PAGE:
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JQA Diary, volume 30 20 September 1818
JQA Neal Millikan Religion Roads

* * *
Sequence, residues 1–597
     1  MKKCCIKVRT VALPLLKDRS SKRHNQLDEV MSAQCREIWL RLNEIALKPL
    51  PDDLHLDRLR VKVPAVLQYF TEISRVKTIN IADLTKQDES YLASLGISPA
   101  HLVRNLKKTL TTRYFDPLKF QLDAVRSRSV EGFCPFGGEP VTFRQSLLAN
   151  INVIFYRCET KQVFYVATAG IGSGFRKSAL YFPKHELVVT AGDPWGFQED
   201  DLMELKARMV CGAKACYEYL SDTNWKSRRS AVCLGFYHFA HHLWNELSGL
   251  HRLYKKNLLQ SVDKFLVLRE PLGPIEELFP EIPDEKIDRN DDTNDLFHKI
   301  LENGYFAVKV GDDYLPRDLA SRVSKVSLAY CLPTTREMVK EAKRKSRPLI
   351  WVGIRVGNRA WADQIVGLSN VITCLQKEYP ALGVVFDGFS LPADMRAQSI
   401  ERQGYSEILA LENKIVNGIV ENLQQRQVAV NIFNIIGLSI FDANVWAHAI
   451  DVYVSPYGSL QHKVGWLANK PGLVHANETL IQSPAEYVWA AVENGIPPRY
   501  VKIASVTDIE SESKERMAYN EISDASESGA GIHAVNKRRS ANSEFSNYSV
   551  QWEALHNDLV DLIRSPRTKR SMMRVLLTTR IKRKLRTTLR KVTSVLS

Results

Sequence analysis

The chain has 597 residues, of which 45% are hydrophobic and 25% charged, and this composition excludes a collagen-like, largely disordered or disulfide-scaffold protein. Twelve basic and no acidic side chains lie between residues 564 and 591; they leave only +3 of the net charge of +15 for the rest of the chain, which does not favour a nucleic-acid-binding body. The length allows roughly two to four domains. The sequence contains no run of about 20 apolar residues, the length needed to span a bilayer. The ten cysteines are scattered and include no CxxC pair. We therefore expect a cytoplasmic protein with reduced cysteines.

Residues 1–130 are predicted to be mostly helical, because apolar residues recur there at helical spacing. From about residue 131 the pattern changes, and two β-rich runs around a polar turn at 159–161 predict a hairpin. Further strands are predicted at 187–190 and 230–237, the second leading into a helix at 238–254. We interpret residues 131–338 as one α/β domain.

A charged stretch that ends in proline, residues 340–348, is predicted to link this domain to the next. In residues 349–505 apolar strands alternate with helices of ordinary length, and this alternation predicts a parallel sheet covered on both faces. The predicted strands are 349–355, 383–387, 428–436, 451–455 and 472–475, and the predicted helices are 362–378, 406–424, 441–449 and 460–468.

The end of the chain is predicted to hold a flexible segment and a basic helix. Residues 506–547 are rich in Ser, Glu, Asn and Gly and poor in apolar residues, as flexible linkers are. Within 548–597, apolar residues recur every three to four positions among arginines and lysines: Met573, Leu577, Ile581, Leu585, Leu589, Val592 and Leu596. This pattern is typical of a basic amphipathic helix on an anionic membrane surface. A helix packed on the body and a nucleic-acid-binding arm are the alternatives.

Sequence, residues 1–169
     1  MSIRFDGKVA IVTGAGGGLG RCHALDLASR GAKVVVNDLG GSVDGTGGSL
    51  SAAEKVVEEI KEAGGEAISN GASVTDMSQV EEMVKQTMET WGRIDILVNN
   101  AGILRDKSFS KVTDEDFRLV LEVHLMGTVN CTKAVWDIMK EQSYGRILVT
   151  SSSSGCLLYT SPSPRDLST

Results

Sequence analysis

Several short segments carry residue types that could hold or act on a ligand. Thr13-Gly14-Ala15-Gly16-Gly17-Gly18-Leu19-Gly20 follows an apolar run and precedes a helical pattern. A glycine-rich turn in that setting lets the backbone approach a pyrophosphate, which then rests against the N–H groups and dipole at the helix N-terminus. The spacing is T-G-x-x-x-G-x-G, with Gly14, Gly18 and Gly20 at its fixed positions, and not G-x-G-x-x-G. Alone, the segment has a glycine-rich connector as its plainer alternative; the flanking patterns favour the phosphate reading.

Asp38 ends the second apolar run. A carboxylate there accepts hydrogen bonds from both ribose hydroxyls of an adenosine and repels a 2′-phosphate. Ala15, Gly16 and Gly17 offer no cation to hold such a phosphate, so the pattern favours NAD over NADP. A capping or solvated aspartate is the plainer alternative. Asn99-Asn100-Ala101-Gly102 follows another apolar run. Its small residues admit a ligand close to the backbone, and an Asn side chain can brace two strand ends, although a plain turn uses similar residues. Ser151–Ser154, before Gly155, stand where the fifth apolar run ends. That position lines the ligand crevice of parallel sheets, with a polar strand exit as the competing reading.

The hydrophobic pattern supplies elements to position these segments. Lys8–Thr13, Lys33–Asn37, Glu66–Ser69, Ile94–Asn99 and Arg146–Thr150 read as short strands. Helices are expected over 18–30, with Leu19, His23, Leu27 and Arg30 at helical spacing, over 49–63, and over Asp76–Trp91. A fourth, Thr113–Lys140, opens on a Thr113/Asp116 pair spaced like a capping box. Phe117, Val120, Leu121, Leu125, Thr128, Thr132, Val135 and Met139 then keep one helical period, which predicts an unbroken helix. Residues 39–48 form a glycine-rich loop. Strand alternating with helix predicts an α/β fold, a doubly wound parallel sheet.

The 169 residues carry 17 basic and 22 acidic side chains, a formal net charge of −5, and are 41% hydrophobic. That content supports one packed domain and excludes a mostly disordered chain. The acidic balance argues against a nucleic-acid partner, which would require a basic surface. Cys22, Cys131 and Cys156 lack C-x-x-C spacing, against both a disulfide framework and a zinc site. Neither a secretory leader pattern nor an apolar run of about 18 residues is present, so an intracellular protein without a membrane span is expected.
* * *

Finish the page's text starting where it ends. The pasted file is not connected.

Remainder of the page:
20. VI: Breakfasted with P. P. F. de Grand, at his lodgings, and he discoursed with me much about the politics, and the state of parties in this Commonwealth. He wishes me to take some part or interest in them: but I see no object of public usefulness to be answered by it. He told me that Mr Monroe just before he made the appointment of Secretary of State, wrote a note to Judge Story, requesting to see him; 400and when Story went to him, he said it had been his intention to appoint me Secretary of State; but Mr Clay had objected to the appointment, on the allegation that I was not a republican, and that Mr Crowninshield and Jonathan Russell had assured the President that it was so— I was not a republican. So it would seem that Story undertook to answer for my republicanism— Whether my appointment was for my own good or for that of my Country is known only to God. As yet I have far more reason to lament than to rejoice at the Event. Yet I feel not the less the obligation of Mr Monroe’s confidence in me, and the duty of personal devotion to the success of his administration which it imposes upon me— That Clay should have taken pains to prevent my appointment, is as natural as that he should have coveted it himself. Mr Crowninshield’s opposition to me arose no doubt from party, and Russell’s from personal motives. That Clay, should, have had the talent of making tools of those men for his purposes, is no mean proof of his address. His mind is of a very superior cast to their’s, but in his management of his opposition to me, there is a total disregard, not only of generosity, but of fairness. So painful however is the situation in which I am placed, that I wish every hour of my life, he had succeeded in keeping me from it— No more of this— George Blake came and took me to hear Mr Channing, who delivered a very good discourse upon the dangers of populous places to the purity of morals. We dined at our lodgings, and after dinner attended Mr Greenwood at Mr Parkman’s, a North-end Meeting House— Immediately after Meeting we proceeded to Salem, and took lodgings soon after Sunset, at the Essex Coffee-House, the house in which Mr W. Gray resided when he was an inhabitant of Salem, and which was built by him— We walked out in the Evening, and found the house of Mr Felt, who married Abigail Shaw; but they were not at home. We came over the Turnpike road— It was the first time I had been at Salem, since that road was constructed; or since the year 1791.